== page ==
Friday, April 21, 2017

Familiar Barn Fight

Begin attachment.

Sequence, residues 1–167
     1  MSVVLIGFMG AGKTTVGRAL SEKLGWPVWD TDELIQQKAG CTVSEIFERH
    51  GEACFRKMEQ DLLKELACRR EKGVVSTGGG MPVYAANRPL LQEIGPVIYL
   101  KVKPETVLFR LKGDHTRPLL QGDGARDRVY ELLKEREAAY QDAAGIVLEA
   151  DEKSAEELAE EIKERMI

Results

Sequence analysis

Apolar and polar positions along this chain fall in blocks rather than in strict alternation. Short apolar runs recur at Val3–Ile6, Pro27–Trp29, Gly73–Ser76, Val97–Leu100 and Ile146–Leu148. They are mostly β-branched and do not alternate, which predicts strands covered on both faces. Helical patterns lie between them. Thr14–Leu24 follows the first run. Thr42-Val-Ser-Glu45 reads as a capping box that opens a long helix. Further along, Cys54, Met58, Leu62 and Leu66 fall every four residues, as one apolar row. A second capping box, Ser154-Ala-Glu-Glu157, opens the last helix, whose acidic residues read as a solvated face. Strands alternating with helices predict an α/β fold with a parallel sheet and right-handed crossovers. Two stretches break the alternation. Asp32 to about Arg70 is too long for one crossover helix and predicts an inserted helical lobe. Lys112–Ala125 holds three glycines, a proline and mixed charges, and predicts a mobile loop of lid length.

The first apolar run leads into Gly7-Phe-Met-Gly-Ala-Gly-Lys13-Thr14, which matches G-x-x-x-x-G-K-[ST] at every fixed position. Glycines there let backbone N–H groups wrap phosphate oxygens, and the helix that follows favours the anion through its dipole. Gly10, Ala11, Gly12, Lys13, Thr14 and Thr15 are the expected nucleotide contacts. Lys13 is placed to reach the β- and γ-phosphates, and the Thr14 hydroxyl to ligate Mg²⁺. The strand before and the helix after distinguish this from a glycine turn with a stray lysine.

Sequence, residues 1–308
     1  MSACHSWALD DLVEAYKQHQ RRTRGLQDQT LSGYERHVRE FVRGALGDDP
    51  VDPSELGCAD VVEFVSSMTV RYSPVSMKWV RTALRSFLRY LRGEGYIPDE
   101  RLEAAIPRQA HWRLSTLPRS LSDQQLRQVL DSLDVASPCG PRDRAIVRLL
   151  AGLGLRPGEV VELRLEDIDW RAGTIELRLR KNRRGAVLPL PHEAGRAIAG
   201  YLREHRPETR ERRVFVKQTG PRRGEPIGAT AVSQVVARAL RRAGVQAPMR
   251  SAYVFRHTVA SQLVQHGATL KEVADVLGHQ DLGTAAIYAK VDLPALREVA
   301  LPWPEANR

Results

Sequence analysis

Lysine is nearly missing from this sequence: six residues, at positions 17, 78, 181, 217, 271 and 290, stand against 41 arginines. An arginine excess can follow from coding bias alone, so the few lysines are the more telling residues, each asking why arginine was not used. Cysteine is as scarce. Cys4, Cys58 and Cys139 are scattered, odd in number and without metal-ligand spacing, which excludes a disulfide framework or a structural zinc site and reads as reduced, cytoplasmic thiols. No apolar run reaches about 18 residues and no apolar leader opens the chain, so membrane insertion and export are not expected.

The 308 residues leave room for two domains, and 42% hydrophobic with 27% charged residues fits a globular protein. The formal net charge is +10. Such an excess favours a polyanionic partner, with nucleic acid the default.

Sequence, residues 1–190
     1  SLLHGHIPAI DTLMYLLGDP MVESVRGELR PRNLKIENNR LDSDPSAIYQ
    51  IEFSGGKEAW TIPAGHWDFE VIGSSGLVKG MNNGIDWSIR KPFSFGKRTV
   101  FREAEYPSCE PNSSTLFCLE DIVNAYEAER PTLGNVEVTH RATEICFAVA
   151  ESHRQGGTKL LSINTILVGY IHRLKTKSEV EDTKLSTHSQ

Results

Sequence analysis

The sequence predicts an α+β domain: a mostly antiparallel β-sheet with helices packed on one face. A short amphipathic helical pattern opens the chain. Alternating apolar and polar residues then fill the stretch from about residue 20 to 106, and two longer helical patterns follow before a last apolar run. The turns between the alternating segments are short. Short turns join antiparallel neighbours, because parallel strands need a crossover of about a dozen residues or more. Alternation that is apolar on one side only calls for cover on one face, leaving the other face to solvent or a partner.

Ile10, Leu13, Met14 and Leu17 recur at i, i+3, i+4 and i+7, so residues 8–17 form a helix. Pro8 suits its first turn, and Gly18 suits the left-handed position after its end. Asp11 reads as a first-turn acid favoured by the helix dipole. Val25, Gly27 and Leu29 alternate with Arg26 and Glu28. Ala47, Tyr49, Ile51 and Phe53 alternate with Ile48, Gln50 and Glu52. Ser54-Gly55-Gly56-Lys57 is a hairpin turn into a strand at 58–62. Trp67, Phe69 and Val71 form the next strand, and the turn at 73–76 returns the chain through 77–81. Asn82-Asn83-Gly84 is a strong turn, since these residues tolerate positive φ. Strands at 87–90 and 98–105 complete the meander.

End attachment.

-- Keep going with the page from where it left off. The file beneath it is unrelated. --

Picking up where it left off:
As you know, I never, ever "blog" anymore unless I read a book with an owl in it or for some other reason. But now I have decided I can "blog" about the TV show THE BIG VALLEY whenever I want. Spurred by Laura Lippman's description of it as "gloriously weird," I decided to revisit THE BIG VALLEY, or maybe just to visit it, because I really couldn't remember anything about it. I remembered a promo in which they put a lot of reverb on the announcer when he said the title: "THE BIG VALLEY-ALLEY-ALLEY-alley-alley-alley!" And I remembered, from the same promo, the description of Barbara Stanwyck's character as "Victoria, a woman of backbone and bite!" All I can say is that was a pretty good promo if I still remember it from when I was a kid. So I watched some of THE BIG VALLEY. When a fistfight started raging in the barn, I thought, you know, maybe I did watch this show when I was a kid, because I felt secure in the knowledge that this was a staple of the show, it was all coming back to me, regular fistfights in the barn. But I can't be sure! I think there was something on the other channel I liked better. But here are some things I observed: 1. It all starts with one of the brothers on a bridge and here comes Lee Majors from the other direction and neither fellow will back up his horse to let the other one pass. So they literally just sit there looking at each other until the bridge falls down! I can't say much for the infrastructure. 2. The introduction of Barbara Stanwyck's character. She swoops into the room where her sons are standing and says (I paraphrase, but only slightly), "You're putting on weight, must you shout, here comes a visitor, I'll see you at dinner." And then she's gone. Like she was never there! She spits it all out like a machine gun and disappears in a flash. I thought maybe she was like Fred MacMurray, who supposedly used to come in and sit in a chair for one day and say all his lines for an entire season of his sitcom MY THREE SONS then get up and put on his hat and leave and they had to shoot around him for the rest of the year. My friend Ward McCarthy told me that about Fred MacMurray and if it's not true it's my own fault, because maybe I'm remembering the details wrong and I'm just too lazy to look it up. 3. Lee Majors kneels down at a lonesome grave (the patriarch has been plopped into the ground in the middle of nowhere, right where he was killed, not unlike the sad case of Meriwether Lewis) and then a young woman rides up on a horse and just casually leans down and starts striking Lee Majors wildly and repeatedly in the face with a leather strap, and she doesn't even know him! That's his half-sister, I guess, as they discover later, but there's an extremely weird vibe they've got going on (pictured). In fact they started making me think of Heathcliff and Cathy a little bit, and Lee Majors's name on the show is Heath, so I wondered whether that was on purpose, but my research methods (as noted above) are far too lazy to confirm or deny. Still, Heath is the brash, mysterious outsider who disrupts family life... for instance when he steals some apples! He's just walking around, trespassing, going through their stuff and finally taking an apple and Victoria catches him. So he takes off his hat. And I thought, oh, this brash, mysterious outsider is going to be respectful for a change! We're about to see the tender, gentlemanly side of this brash, mysterious outsider! But no, he was just taking off his hat to cram it full of all the sweet, sweet apples he could carry. And I was like, gee, Lee Majors sure has a hatful of apples now! He's going to have quite a night eating apples. Meanwhile, Audra (Linda Evans) gets a lot of use out of her leather strap, often with good reason, because they seem to live in a nightmarish hellscape. Right now everyone is shooting each other and I haven't even made it to the end of the first episode yet.